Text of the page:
Yoga as a Treatment for Insomnia

This study has been completed.
Information provided by:
National Center for Complementary and Integrative Health (NCCIH) Identifier:
First received: April 11, 2002
Last updated: April 27, 2015
Last verified: April 2015
The purpose of this study is to evaluate the effectiveness of a daily, 8-week treatment for insomnia using yoga, relaxation exercises or sleep hygiene.

Condition Intervention Phase
Behavioral: Yoga, Relaxation Exercises, Sleep Hygiene
Phase 2

Study Type: Interventional
Study Design: Allocation: Randomized
Endpoint Classification: Efficacy Study
Intervention Model: Parallel Assignment
Masking: Open Label
Primary Purpose: Treatment
Official Title: Yoga as a Treatment for Insomnia

Further study details as provided by National Center for Complementary and Integrative Health (NCCIH):

Primary Outcome Measures:
  • Sleep onset latency [ Time Frame: 8 weeks ] [ Designated as safety issue: No ]

Estimated Enrollment: 48
Study Start Date: April 2001
Study Completion Date: December 2008
Primary Completion Date: December 2008 (Final data collection date for primary outcome measure)
Arms Assigned Interventions
Experimental: 1
Yoga treatment for 8 weeks
Behavioral: Yoga, Relaxation Exercises, Sleep Hygiene
Sleep hygiene and relaxation exercises, with additional yoga
No Intervention: 2
Sleep hygiene instructions only

Detailed Description:
Insomnia is a sleep disorder characterized by a chronic difficulty in initiating and maintaining sleep which has a relatively high prevalence and a significant socioeconomic cost. There is good evidence that cognitive and/or physiological arousal, associated with sustained sympathetic activation, is one of the underlying causes of insomnia. Relaxation treatments such as progressive relaxation and meditation which address the cognitive and somatic arousal associated with insomnia have been found to be effective. Yoga is a comprehensive discipline which includes physical exercises, postures, breathing techniques, and meditation, for the purpose of improving health and well being. Research studies have documented the effectiveness of yoga in reducing sympathetic activation and cognitive and somatic arousal and in the treatment of specific medical disorders. Although it has been used and recommended for the treatment of insomnia, its effectiveness has not been evaluated in a randomized, controlled study. The aim of this proposal is to evaluate the effectiveness of yoga, relaxation exercises or sleep hygiene in the treatment of chronic psychophysiological insomnia. A subjective measure of sleep onset latency will be derived from daily sleep diaries, and an objective measure will be drawn from polysomnographic recordings. Sleep onset latency will be evaluated before and after a two month treatment period in a total of 48 young men and women who have been carefully screened for psychiatric and medical disorders. Subjects will be assigned to a yoga, relaxation exercise, or sleep hygiene treatment group. We anticipate that yoga practice will prove to be an effective treatment for insomnia which will yield significant improvements in sleep onset latency. We also anticipate that these improvements will be maintained at long-term follow up evaluation.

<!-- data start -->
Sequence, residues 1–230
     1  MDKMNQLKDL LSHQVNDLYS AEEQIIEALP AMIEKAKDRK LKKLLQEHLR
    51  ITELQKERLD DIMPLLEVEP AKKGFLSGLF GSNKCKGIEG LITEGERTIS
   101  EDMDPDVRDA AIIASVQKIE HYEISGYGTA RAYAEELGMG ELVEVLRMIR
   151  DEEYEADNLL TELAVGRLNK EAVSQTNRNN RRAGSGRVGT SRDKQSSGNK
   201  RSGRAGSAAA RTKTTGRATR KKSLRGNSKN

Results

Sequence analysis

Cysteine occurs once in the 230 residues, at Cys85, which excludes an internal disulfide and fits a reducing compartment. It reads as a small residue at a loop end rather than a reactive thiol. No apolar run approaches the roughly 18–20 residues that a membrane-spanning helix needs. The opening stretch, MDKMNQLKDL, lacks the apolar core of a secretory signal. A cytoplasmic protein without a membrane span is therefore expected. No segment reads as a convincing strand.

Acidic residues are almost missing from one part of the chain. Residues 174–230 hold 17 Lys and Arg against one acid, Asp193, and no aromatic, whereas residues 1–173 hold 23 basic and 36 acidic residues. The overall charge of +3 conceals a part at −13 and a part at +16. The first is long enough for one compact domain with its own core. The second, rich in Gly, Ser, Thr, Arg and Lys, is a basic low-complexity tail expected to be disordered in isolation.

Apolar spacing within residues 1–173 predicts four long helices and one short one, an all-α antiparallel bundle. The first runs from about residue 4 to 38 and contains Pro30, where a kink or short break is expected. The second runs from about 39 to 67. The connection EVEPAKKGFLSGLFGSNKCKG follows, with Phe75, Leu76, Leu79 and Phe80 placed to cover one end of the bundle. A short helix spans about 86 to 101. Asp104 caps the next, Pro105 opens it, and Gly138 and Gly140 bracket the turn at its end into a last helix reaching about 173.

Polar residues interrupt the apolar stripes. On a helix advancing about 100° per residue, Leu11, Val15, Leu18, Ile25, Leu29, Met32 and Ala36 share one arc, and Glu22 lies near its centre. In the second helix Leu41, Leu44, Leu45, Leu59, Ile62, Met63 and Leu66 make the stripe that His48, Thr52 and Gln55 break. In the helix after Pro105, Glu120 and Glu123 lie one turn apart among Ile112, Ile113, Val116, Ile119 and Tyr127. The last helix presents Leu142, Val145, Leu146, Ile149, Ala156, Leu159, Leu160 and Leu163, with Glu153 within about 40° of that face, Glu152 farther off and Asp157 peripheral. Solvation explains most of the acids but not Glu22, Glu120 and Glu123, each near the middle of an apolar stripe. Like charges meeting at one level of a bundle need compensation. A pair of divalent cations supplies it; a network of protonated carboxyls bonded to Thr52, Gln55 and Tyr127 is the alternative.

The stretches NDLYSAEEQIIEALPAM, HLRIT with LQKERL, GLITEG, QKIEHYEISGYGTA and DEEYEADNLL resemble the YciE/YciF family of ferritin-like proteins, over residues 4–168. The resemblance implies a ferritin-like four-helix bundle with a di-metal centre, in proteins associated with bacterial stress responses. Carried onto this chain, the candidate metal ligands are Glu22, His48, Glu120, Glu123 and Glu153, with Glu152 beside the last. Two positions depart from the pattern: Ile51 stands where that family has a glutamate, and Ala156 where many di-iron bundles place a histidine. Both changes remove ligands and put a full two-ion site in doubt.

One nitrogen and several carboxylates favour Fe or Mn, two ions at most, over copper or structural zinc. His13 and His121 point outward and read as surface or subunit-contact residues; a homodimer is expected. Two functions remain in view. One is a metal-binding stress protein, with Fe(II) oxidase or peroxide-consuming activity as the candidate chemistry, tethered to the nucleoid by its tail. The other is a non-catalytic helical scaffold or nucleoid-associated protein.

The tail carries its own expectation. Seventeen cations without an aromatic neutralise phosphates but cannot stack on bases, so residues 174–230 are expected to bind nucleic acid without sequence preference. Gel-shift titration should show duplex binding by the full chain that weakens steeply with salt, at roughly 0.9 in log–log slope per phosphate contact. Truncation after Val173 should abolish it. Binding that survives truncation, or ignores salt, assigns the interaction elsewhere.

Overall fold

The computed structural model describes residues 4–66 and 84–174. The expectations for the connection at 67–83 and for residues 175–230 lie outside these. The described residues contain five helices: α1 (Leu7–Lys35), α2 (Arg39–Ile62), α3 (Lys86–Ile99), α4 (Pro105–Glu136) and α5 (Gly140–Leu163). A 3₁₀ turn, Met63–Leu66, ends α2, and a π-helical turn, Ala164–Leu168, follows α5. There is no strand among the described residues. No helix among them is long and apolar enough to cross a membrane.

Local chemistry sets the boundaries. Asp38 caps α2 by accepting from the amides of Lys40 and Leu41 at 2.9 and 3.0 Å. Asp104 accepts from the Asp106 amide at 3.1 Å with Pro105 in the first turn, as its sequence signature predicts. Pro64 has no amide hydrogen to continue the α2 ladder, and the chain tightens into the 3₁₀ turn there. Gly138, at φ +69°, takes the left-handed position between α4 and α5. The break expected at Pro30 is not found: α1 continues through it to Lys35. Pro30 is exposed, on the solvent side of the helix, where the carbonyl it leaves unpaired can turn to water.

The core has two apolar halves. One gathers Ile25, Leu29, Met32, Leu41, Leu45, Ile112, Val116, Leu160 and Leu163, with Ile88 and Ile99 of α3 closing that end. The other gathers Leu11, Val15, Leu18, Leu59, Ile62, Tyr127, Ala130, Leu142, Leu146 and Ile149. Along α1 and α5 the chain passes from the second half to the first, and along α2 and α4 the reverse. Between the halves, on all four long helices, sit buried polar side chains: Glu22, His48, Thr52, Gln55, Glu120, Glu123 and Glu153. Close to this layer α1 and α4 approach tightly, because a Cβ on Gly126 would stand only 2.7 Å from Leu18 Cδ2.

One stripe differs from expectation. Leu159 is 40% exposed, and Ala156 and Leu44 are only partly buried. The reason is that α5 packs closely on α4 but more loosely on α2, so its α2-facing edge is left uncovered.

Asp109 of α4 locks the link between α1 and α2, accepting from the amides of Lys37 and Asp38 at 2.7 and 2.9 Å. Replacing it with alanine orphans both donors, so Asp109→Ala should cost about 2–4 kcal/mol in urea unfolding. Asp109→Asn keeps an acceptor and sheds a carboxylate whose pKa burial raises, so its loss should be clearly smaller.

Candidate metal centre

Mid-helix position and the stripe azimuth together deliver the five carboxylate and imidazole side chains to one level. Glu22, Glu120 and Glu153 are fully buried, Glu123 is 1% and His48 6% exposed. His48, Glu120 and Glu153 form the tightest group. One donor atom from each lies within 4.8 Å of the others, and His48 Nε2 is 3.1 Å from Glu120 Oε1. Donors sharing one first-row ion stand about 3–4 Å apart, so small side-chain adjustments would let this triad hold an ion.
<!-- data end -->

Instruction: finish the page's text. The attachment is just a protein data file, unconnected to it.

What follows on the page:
Ages Eligible for Study:   25 Years to 59 Years
Genders Eligible for Study:   Both
Accepts Healthy Volunteers:   No

Inclusion criteria

  • A primary complaint of sleep-onset insomnia for at least 6 months.

    • Reside in the metropolitan Boston area

Exclusion Criteria

  • No current other nonpharmacological treatment for insomnia.
  • Ability or willingness to discontinue use of hypnotic medications.
  • No rotating or night shift work, or transcontinental travel throughout the course of the study protocol.
  • No recent or anticipated major life stressors over the course of the study protocol (e.g. impending divorce or terminal illness of a relative).
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Please refer to this study by its identifier: NCT00033865

United States, Massachusetts
Brigham and Women's Hospital Division of Sleep Medicine
Boston, Massachusetts, United States, 02115
Sponsors and Collaborators
National Center for Complementary and Integrative Health (NCCIH)
Principal Investigator: Sat Bir Singh Khalsa, PhD Brigham and Women's Hospital
  More Information

Woolfolk RL, Carr-Kaffashan L, McNulty TF. Meditation training as a treatment for insomnia. Behav Ther 1976;7:359-65.
Schoicket SL, Bertelson AD, Lacks P. Is sleep hygiene a sufficient treatment for sleep-maintenance insomnia? Behav Ther 1988;19:183-90.
Koch, U., Volk, S., Heidenreich, T., and Pflug, B. Yoga treatment in psychophysiological insomnia. Journal of Sleep Research 7(Suppl. 2), 137. 1998.
Joshi, KS. Yogic treatment of insomnia: An experimental study. Yoga Mimamsa 1992;30:24-26.

Responsible Party: Sat Bir Singh Khalsa, PhD, Brigham and Women's Hospital, Division of Sleep Medicine Identifier: NCT00033865     History of Changes
Other Study ID Numbers: R21 AT000066-01A1
Study First Received: April 11, 2002
Last Updated: April 27, 2015
Health Authority: United States: Federal Government

Keywords provided by National Center for Complementary and Integrative Health (NCCIH):
Behavioral treatment processed this record on November 27, 2015